The progressive rock band Dream The Electric Sleep (DTES) hail from Lexington, Kentucky (USA). This quartet started in the winter of 2009 with guitarist and vocalist Matt Page, guitarist Trevor Willmott and drummer Joey Waters. Later on bassist Chris Tackett joined to complete the quartet. DTES recorded the epic concept album Lost And Gone Forever, that took over two years to create. It deals with the trials and tribulations of an Eastern Kentucky coal miner and his wife. The album captures the bold vision of Matt Page with the storyline tugging from his coal mining family roots. This epic story about Clementine and Jack has been loosely based on the life of his grandparents.
The music on his CD is very difficult to pigeonhole, but in a way it grabbed my attention. The subtle layers of acoustic and electric guitars, banjo and the emotional singing coupled with the beautifully crafted melodies, create an atmosphere that quite literally stirs the mind. Lost And Gone Forever is a true concept album and therefore the almost eighty minutes of music sound as a whole, although the individual songs last no longer than a couple of minutes. DTES doesn't have a keyboard player. Although they asked Alex Head to add several tasteful keyboard parts to the concept, they have a minor role in the music, since most parts are just supportive. If you'd asked me if I had missed essential keyboard parts on Lost And Gone Forever, I would have said that I hadn't. The songs are just so well-written with lots of passion and emotion that they don't need strong progressive rock tunes.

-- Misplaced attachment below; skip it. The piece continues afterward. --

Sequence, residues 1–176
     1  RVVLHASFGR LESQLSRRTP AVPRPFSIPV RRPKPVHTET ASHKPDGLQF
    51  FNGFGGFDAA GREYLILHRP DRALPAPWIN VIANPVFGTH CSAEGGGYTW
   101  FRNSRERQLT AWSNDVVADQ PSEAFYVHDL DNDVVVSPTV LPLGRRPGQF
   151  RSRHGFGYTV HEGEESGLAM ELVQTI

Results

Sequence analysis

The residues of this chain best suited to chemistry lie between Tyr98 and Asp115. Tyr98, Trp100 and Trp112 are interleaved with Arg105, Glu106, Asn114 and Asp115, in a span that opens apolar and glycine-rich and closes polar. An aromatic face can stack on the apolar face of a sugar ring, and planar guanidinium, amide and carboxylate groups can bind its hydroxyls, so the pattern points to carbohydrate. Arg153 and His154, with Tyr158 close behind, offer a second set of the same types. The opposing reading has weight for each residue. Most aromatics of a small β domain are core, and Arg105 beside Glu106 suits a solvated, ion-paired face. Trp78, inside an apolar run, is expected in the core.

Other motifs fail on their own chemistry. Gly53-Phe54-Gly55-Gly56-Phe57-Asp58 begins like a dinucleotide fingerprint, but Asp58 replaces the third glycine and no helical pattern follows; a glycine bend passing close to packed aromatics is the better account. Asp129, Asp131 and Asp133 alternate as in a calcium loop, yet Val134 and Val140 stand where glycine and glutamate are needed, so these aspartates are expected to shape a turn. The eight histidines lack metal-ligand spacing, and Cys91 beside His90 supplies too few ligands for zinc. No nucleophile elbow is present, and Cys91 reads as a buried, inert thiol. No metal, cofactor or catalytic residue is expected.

This time the electric guitars and banjos have a leading role instead of many layers of keyboards. However, the use of the banjo is not very common in this musical genre, but somehow this instrument was needed to tell the story of the Kentucky coal miner. As a result the music occasionally slightly tends towards Country & Western music. At the end of several tracks you can hear real C&W-tunes in the background which has been done magnificently. However, the progressive rock spirit is truly present throughout the album. On a regular base we hear traces of early Rush, especially the bass parts often reminded me of the way Geddy Lee played this instrument. However, several guitar riffs could have been played by Alex Lifeson, but also a band like Muse occasionally comes to the surface which fits the music perfectly.
This album is well worth to give a try. For people who gravitate toward progressive, intelligent structures or emotional and in-depth song writing, Lost And Gone Forever is a hidden gem that needs to be discovered.
*** Henri Strik (edited by Peter Willemsen)
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